Heritability, selection, and the response to selection in the presence of phenotypic measurement error: effects, cures, and the role of repeated measurements.
Journal article, Peer reviewed
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Original versionEvolution. 2018, 72 1992-2004. 10.1111/evo.13573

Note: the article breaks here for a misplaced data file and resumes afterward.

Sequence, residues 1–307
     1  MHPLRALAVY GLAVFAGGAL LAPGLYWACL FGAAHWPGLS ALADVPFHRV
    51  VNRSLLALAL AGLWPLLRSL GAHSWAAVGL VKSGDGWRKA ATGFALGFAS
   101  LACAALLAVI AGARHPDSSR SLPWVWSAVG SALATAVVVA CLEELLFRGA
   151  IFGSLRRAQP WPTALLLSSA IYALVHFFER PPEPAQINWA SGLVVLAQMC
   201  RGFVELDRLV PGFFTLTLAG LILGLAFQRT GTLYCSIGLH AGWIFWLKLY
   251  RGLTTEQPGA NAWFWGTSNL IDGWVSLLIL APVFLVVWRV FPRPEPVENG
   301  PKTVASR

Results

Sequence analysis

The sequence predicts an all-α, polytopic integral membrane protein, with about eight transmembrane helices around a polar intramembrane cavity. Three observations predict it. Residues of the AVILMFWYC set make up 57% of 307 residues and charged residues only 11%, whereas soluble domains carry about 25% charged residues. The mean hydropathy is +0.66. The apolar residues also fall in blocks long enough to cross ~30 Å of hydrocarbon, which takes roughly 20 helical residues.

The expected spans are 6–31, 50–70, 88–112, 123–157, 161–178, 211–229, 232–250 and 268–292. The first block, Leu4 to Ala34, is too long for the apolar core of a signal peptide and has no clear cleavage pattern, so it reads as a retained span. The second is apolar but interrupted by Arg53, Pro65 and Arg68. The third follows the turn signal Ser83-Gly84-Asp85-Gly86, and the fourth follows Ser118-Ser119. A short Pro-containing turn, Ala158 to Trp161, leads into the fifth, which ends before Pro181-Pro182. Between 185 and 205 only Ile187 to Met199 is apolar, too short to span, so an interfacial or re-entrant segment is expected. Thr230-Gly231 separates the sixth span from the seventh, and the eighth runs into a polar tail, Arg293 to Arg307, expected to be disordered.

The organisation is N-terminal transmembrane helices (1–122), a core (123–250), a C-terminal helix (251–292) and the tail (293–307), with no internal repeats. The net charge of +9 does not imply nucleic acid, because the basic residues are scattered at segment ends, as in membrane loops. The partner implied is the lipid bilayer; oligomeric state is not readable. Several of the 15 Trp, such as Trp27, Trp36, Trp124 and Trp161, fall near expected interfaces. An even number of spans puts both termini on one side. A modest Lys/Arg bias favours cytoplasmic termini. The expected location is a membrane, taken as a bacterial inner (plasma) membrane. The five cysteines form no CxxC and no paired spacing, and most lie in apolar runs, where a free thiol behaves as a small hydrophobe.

Quantitative genetic analyses require extensive measurements of phenotypic traits, a task that is often not trivial, especially in wild populations. On top of instrumental measurement error, some traits may undergo transient (i.e., nonpersistent) fluctuations that are biologically irrelevant for selection processes. These two sources of variability, which we denote here as measurement error in a broad sense, are possible causes for bias in the estimation of quantitative genetic parameters. We illustrate how in a continuous trait transient effects with a classical measurement error structure may bias estimates of heritability, selection gradients, and the predicted response to selection. We propose strategies to obtain unbiased estimates with the help of repeated measurements taken at an appropriate temporal scale. However, the fact that in quantitative genetic analyses repeated measurements are also used to isolate permanent environmental instead of transient effects requires that the information content of repeated measurements is carefully assessed. To this end, we propose to distinguish “short‐term” from “long‐term” repeats, where the former capture transient variability and the latter help isolate permanent effects. We show how the inclusion of the corresponding variance components in quantitative genetic models yields unbiased estimates of all quantities of interest, and we illustrate the application of the method to data from a Swiss snow vole population.